"For me, I don't like celebrating my birthday anyway," said Moustakas, who turned 27 on Friday. "Obviously, 9/11 is a pretty tragic day in American history. I won't do it."
Moustakas was 13 years old when he walked into his parents' living room and saw on television the horror of the Twin Towers in flames and crumbling to the ground.
Since that day, Moustakas views his birthday as nothing more than a solemn remembrance of the thousands who lost their lives that day.
"My wife [Stephanie] will try to celebrate my birthday for me," Moustakas said. "We'll have a quiet dinner the night before sometimes.
"About three offseasons ago my wife got a bunch of our friends over to watch Sunday football. That was considered my birthday party. That's about the only time I remember any kind of birthday celebration. It's fine with me."
The tragedy of that day in 2001 made Moustakas even more appreciative of the men and women in the armed forces who protect our freedom, not to mention the firefighters and policemen who risk their lives every day.
During each home game, when the Royals pay tribute to veterans or present servicemen and women, Moustakas makes a point to stop what he's doing on the field and clap in their honor.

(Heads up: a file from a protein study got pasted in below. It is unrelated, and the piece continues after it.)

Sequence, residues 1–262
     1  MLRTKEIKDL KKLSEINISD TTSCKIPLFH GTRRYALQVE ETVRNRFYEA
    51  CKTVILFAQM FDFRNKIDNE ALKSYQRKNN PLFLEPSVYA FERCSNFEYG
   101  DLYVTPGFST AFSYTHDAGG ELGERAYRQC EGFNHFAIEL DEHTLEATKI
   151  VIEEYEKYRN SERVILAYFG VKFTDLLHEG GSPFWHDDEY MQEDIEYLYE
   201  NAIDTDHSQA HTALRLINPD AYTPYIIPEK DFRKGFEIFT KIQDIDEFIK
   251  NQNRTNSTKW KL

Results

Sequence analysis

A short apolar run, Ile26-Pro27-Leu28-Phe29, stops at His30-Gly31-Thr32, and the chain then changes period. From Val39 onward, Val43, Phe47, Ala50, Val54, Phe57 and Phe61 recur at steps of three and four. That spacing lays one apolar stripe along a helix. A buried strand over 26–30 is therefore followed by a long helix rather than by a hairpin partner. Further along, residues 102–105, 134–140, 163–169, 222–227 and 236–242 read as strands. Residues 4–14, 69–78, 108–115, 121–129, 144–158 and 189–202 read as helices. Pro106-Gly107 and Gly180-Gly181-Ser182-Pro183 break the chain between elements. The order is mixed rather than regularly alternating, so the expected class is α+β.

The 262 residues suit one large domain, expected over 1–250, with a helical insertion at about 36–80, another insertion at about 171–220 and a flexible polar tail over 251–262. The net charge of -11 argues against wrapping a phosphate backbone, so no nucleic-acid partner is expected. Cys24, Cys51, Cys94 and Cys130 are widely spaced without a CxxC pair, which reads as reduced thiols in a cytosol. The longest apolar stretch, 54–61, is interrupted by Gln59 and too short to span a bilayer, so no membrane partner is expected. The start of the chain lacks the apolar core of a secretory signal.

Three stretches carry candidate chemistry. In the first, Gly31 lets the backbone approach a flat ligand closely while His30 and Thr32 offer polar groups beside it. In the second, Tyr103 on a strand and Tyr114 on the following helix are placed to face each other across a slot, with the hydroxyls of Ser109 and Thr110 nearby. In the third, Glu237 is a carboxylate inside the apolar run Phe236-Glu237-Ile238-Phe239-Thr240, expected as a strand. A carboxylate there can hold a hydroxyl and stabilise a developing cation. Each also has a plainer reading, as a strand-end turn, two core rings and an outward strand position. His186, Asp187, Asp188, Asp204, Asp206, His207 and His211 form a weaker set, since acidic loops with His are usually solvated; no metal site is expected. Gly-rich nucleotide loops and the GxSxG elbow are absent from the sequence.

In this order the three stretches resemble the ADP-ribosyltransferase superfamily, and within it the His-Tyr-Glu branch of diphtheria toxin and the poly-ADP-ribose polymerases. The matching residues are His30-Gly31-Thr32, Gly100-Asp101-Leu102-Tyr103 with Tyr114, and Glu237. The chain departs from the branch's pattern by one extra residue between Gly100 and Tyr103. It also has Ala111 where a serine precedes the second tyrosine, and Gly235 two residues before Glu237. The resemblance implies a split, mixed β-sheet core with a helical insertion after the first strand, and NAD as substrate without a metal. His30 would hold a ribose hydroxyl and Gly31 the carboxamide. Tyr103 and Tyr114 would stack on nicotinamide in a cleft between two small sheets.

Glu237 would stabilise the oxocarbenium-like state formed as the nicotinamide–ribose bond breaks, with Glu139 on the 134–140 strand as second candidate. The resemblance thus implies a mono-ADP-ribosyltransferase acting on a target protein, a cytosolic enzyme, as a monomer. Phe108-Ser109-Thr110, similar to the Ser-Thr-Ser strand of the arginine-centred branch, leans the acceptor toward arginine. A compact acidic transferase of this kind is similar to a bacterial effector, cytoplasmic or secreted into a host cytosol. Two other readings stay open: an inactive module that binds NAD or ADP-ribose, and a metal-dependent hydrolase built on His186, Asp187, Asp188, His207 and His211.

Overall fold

"My two uncles were Marines," Moustakas said. "It's kind of how I was raised. People go out every day and protect and serve, and put their lives on the line for us -- anyone who does that gets so much respect from me.
"Any one of those people [honored at Kauffman Stadium] were out protecting our freedom. ... I mean, I can stop for 25 seconds and honor them. It's the best thing we do."
Nick Doscher, Moustakas' former roommate in Class A ball, was Moustakas' best man in his wedding and recently became a policeman with the New York Port Authority.
The two hooked up during a recent road trip through Boston to celebrate Doscher's new job.
"Now, those are the things I will celebrate," Moustakas said.